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Now 21-years-old, Cain is about to enter his senior season with the Wright State Raiders this fall. A Canadian youth international, Cain first headed to the University of Northwestern Ohio, where he led the team in scoring in his Freshman year with ten goals. He then made the cross state transfer to the Wright State University in Dayton where he added a further two goals in 19 games of his second year and two in 21 games this season just past. Although the college route isn't for everyone who graduates from the 'Caps Residency, opportunities were few and far between just three years ago, but Cain has loved his time in the college game. "It's a lot different in America than it is in Canada," Cain told us. "It's a great experience. I wouldn't trade it for anything. I've learned a lot living there and I've grown up a lot too. It's a different game and it makes me adjust. It's good." As we said, Cain will be going for PDL Championship glory this Sunday when his K-W United side face New York Red Bulls U23s at Starfire Stadium in Tukwila, Washington. After a strong season, the striker can't wait for a chance to lift the trophy. "It's great," Cain told us. "It's a great feeling. I haven't been in a big final since I played with the Whitecaps and that was years ago. So it's going to be great." K-W United got to the Championship game after a dramatic last-second win over Seattle Sounders U23s on Friday night. Cain came on as a second half sub in that game, but with most of those watching expecting the match to head into extra time, the striker watched German midfielder Julian Buescher win it late with his free kick. "Julian's great on the ball on set plays," Cain said. "I was hoping it was going to go in, but I didn't know. Before the free kick, I thought it was going to go to extra-time but we pulled it together, riled up the gang and got it in." This is Cain's second season with K-W United, but it's not his first experience of PDL play and he played for Whitecaps U23s in the league in both the 2011 and 2012 seasons. And the reason he's currently at K-W in the first place is due to another Vancouver connection, his former Residency coach Stuart Neely. "My first year I came here because Stuart was coaching," Cain told us. "I got in contact with him and he told me to come. It's a great team. We had a great season last year but fell a bit short. This year, once again we're strong again and this time we feel like we're going to do it." After that Cain will be heading back to Wright State for his final year, where he is studying Media Relations. And after that? "My focus is to become a professional," Cain told us. "I'm really determined. I really think I can make either a USL team or a MLS team. My goal after college is to go on some trials with some clubs and see what I can do." With the Whitecaps not keeping homegrown rights on Cain, he will be free to be picked up by any club side now, but he's also looking at overseas as an option. So does he have access to an European passport that opens doors for so many players here? "Unfortunately I don't," Cain said. "I just have a Canadian passport, but because I'm half Jamaican, I'm working on getting a Jamaican passport to try and get over. It'll be easier with that in England." We wish Wesley (and Adam) all the very best in today's big PDL Championship game with New York Red Bulls and don't forget you can follow his college progress, and that of all the other 'Caps Residency alumni, in our regular "Caps In College' feature come the fall.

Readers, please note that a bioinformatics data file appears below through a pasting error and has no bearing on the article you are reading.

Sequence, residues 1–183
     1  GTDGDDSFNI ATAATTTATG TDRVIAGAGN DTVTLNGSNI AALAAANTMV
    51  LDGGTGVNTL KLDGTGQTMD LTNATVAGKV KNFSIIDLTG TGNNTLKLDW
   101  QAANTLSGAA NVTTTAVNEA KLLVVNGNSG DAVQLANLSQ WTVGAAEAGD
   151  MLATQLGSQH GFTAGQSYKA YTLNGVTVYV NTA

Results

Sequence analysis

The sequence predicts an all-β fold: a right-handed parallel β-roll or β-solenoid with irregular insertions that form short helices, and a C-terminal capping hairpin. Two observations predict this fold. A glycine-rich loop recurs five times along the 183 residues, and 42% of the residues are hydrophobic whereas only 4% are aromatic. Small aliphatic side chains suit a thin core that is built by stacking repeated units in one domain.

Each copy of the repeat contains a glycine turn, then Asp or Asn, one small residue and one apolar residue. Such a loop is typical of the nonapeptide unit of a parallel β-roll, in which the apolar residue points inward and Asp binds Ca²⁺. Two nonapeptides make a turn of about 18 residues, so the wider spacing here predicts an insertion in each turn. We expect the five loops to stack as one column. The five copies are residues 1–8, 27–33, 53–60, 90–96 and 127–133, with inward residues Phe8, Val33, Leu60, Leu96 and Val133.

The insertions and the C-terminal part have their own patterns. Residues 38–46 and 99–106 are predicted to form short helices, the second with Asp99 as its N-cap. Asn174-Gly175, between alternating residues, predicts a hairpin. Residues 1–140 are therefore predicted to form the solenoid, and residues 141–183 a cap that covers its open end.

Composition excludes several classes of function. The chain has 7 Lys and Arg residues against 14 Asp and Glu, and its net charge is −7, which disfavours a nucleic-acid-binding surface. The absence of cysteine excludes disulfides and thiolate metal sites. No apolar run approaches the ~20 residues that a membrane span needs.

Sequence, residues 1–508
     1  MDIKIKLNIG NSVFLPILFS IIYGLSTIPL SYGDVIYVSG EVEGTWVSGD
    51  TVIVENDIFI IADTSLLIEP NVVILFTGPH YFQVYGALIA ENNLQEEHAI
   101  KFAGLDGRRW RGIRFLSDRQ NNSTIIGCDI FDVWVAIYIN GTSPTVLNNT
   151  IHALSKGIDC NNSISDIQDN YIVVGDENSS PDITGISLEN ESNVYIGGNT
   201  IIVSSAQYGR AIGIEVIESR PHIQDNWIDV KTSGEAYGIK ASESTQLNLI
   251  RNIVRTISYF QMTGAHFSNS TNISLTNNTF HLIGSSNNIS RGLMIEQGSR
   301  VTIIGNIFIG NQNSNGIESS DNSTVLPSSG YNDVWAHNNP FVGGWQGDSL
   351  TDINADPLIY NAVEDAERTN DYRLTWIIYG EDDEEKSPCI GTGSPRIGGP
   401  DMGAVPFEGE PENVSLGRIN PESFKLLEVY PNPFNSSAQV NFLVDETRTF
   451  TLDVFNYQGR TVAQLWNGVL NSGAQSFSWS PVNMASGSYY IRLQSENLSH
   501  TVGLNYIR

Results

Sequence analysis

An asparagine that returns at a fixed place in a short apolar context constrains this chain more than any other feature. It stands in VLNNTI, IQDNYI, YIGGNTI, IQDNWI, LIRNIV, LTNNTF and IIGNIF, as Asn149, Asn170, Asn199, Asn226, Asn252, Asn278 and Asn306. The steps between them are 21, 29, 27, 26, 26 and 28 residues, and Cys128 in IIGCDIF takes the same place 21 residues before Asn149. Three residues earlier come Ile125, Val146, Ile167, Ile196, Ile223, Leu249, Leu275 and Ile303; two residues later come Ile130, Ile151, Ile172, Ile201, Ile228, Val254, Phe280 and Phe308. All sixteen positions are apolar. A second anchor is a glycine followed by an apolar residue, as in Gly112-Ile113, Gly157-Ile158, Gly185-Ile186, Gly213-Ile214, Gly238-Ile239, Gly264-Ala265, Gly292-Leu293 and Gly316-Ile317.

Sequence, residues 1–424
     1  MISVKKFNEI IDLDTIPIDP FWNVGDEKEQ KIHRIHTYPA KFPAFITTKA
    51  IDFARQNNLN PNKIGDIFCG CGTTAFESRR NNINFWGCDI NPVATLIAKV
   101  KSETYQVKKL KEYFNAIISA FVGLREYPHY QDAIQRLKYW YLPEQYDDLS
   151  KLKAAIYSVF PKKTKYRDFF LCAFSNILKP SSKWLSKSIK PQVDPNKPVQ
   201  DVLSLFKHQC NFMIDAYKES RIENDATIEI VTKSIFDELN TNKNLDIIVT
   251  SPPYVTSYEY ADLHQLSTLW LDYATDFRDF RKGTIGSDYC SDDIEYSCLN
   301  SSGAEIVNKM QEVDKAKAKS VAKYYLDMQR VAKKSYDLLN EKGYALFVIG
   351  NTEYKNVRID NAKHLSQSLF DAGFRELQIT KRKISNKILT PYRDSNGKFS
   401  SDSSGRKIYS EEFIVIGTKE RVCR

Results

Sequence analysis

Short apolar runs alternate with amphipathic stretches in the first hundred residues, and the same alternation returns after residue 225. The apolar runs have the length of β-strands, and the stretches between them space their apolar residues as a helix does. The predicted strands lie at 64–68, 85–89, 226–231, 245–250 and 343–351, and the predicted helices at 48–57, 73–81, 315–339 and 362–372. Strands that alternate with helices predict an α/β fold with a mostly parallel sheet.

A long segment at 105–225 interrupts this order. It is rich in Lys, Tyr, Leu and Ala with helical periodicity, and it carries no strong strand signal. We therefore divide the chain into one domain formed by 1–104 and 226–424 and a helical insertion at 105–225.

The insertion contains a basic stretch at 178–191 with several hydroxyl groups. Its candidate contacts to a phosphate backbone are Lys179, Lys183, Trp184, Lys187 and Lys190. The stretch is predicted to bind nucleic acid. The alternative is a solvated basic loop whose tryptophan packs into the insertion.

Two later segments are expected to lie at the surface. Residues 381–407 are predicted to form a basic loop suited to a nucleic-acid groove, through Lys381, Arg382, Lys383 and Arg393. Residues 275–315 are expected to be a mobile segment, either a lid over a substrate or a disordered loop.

Wirth graduated from the Whitecaps Residency program last summer, having joined the program in 2011. With many USSDA and PDL games now behind him, he headed to Oregon State University. Initially sharing starts in his rookie year with Junior keeper Matt Bersano, Wirth played five games, four of them starts. Despite winning three games, allowing just three goals and keeping two clean sheets, the Beavers coach decided to stick with the more experienced Bersano for the remainder of the season. It's hard to knock that decision as the Beavers made it to the postseason for the first time since 2003 but with Wirth used to splitting time with the Residency teams these past few years, and seeing regular gametime, being completely kept on the bench for the remainder of the season must have been a bit of an adjustment. Still, that's the life of college soccer, so onwards and upwards. Bersano has now moved on from Oregon, turning down a pro contract with RSL's USL side Real Monarchs to go to grad school at Penn State. His departure will hopefully open more doors and opportunities for Wirth with the Beavers in his sophomore season. He has a great chance to establish himself now as Oregon's number one keeper and the signs during OSU's spring schedule seemed to indicate he would be. "I'm looking very positive for that looking ahead," Wirth told AFTN recently. "Hopefully I'm going to be the guy and we can make it to the tournament again." With just 405 minutes of action logged last year at Oregon, Wirth made the decision to keep himself busy, fit and sharp during the college offseason by heading back to play some PDL this summer. With the Caps U23's team no more, Wirth has headed east to join Calgary Foothills in their inaugural PDL season, where he's splitting the goalkeeping duties with fellow Whitecaps Residency alumni, Sean Melvin. There's a couple of other Caps connections too, with Residency graduate Tim Hickson and Sam Adekugbe's brother Elijah also on the Foothills roster. When we spoke with Nolan a couple of months ago, the original plan was to play with Vancouver Victory in Washington's Evergreen League, but he's made one appearance for Calgary so far, in last Sunday's 2-2 draw with Washington Crossfire. "It's just to get some more game time," Wirth told us back in March. "But in the summer I will be training with the Whitecaps again and then going whenever I'm able to get some time in, just for game time." Wirth was recently back in Vancouver, playing in goal for the Beavers in March's friendly between OSU and WFC2. Oregon were on the wrong end of a 3-2 defeat that day but for Wirth, it was just nice to be back and catch up with some old friends. "It felt good," he told us. "It felt good to come back to where I started. I obviously know a handful of the guys on the WFC2 team, so that always just gets me riled up to play because you want to play against your friends that you grew up with." And a lot of those friends have also been his teammates on the Canadian national team these past few years. Wirth was one of nine Whitecaps Residency products on Canada's 20-man roster for the 2015 CONCACAF U-20 Championship in Jamaica in January. Canada may not have had much success in what were the qualifiers for the recent U-20 World Cup in New Zealand, crashing out in the group stages after a strong start, but on a personal level, the tournament was a success for Wirth, who got the nod over his fellow Residency alumni Marco Carducci in three of the five group games. As disappointing as the tournament was, Wirth feels that the Canadian team can still take positives from it. "I felt that there were lots of lessons that we all took from the whole tournament. I feel it was just a building point and everybody needs to look forward from that." It certainly feels like too talented a group not to go on and do well for the national team at the next level these coming years. As for Wirth's plans for his own footballing future, with the Whitecaps maintaining his MLS right and with the new pro pathway of WFC2 in USL, is that enough to see him come out of college early? That's a decision still yet to be made. "I'm kind of just taking it year by year," he told us. "I'm going to keep that bridge with the Whitecaps and keep all my options open."